These days, you can live on the other side of the world from someone and still know what they’re doing, how they’re feeling and even what they’re eating.
New media such as Skype and smartphones are bringing us closer than ever to faraway friends. But how do families communicate – and care for one another – when they’re living thousands of miles apart?
Dr Mirca Madianou (below) has devoted nearly a decade to answering that question.
Focusing on the large-scale migration in the Philippines, she has followed the fortunes of dozens of UK-based migrant mothers and their left-behind children, forming a fascinating study of how new media shape long-distance relationships.
In the podcast below, Dr Madianou – co-author of the book ‘Migration and New Media’ and Reader of Media and Communications at Goldsmiths – looks at the past and present of migration and communication, and talks about the consequences of technology for transnational families.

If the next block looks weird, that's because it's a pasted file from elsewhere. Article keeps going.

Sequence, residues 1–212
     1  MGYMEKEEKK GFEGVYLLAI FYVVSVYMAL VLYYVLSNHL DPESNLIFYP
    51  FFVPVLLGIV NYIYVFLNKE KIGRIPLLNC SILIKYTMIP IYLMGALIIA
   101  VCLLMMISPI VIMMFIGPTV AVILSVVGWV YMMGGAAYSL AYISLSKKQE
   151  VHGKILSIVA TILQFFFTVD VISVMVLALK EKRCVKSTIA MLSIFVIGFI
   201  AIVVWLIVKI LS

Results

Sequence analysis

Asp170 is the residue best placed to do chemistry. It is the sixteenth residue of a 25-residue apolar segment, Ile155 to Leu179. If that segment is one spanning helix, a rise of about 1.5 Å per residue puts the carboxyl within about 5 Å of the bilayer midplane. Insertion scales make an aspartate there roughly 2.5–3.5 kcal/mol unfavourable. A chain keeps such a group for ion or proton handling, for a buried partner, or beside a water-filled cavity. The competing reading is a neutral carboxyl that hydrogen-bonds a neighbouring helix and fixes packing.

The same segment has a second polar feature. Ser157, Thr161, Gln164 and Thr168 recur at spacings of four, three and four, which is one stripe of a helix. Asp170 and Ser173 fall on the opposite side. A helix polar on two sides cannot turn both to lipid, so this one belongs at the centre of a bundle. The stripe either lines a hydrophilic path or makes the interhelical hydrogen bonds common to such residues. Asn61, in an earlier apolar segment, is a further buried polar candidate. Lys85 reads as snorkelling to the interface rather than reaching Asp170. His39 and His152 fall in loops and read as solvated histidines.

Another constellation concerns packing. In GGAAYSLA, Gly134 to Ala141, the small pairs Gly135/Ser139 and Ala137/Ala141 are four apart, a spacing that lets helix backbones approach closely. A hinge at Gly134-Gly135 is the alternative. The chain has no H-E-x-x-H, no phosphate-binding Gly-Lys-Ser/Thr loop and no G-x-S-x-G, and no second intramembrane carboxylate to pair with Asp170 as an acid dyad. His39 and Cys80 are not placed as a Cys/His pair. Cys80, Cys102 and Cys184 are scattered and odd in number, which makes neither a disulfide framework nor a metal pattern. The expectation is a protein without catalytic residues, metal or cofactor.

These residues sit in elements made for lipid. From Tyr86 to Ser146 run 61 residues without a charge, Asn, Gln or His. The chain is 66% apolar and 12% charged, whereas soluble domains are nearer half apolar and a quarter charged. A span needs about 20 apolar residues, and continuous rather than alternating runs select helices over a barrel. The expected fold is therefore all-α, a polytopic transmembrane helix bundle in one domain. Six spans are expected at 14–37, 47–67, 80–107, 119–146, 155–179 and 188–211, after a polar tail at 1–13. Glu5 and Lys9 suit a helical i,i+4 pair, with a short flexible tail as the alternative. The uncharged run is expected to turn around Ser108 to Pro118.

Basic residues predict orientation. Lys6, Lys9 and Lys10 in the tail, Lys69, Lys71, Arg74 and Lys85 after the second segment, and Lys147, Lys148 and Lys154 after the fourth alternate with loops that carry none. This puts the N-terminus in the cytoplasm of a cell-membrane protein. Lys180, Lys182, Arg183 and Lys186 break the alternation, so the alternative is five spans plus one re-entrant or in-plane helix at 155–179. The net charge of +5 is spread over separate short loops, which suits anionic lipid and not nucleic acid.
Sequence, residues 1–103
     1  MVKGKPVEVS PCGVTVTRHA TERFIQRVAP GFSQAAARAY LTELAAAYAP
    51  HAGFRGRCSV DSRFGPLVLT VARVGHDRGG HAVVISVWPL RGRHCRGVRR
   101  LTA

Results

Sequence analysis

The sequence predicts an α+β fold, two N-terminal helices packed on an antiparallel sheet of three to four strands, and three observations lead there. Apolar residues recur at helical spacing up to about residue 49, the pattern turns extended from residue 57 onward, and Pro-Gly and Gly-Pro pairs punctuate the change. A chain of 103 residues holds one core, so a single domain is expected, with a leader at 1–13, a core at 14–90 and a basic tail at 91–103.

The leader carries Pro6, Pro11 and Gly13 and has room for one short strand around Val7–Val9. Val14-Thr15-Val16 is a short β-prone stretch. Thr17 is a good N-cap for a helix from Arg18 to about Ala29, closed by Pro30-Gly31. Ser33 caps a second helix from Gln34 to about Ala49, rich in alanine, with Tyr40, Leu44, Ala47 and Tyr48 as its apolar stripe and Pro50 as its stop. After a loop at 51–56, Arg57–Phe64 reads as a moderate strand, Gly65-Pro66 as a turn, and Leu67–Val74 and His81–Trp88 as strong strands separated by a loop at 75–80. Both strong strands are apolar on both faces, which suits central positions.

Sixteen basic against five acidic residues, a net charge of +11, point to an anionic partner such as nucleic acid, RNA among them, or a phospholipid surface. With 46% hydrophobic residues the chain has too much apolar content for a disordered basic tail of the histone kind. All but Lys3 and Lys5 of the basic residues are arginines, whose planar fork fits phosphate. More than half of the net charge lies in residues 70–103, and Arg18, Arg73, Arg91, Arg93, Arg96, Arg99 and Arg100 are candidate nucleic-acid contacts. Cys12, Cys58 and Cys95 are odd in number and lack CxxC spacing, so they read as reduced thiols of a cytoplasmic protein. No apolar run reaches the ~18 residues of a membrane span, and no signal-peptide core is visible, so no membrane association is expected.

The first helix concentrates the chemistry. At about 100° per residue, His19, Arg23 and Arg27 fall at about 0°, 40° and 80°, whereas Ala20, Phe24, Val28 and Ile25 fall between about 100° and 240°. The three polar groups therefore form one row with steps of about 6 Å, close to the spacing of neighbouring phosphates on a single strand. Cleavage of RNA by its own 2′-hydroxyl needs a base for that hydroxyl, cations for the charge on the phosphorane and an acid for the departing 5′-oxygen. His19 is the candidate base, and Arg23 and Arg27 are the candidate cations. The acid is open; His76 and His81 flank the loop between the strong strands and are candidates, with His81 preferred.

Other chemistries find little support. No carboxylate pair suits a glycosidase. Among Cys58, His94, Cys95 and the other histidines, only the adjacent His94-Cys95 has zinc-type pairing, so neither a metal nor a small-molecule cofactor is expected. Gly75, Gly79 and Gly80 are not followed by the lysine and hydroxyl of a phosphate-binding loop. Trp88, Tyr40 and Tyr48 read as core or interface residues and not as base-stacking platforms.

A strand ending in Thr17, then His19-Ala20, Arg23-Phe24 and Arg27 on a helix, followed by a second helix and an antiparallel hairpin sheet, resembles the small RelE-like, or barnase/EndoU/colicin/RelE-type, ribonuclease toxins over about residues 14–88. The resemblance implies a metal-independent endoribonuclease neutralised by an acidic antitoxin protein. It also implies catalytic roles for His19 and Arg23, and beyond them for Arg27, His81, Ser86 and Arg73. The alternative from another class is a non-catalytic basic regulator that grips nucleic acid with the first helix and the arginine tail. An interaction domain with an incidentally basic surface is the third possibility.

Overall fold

For details of Dr Madianou’s book Migration and New Media, see https://www.routledge.com/products/9780415679299 .
Visit http://www.gold.ac.uk/media-communications/staff/madianou for more on her research.
With thanks to Samantha Portillo and Samuel CabbuagEmbed from Getty Images
Teenage clicks: the Philippines is the texting capital of the world
Categories: History, International, Media, Sound documentaries, Technology
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